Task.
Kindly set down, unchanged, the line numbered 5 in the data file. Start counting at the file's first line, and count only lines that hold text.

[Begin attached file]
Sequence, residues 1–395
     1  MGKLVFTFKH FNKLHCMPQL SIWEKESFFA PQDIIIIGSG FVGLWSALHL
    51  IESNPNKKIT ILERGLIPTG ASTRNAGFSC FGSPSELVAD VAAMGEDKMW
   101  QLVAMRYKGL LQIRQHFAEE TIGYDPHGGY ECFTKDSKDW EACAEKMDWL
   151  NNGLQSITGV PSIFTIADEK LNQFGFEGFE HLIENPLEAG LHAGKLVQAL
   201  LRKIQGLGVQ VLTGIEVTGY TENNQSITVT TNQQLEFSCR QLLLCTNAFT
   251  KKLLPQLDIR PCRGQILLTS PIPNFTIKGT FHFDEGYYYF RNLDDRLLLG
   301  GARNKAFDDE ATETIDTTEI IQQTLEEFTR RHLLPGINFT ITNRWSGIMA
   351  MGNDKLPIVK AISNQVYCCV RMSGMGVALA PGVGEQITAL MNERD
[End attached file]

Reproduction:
   151  NNGLQSITGV PSIFTIADEK LNQFGFEGFE HLIENPLEAG LHAGKLVQAL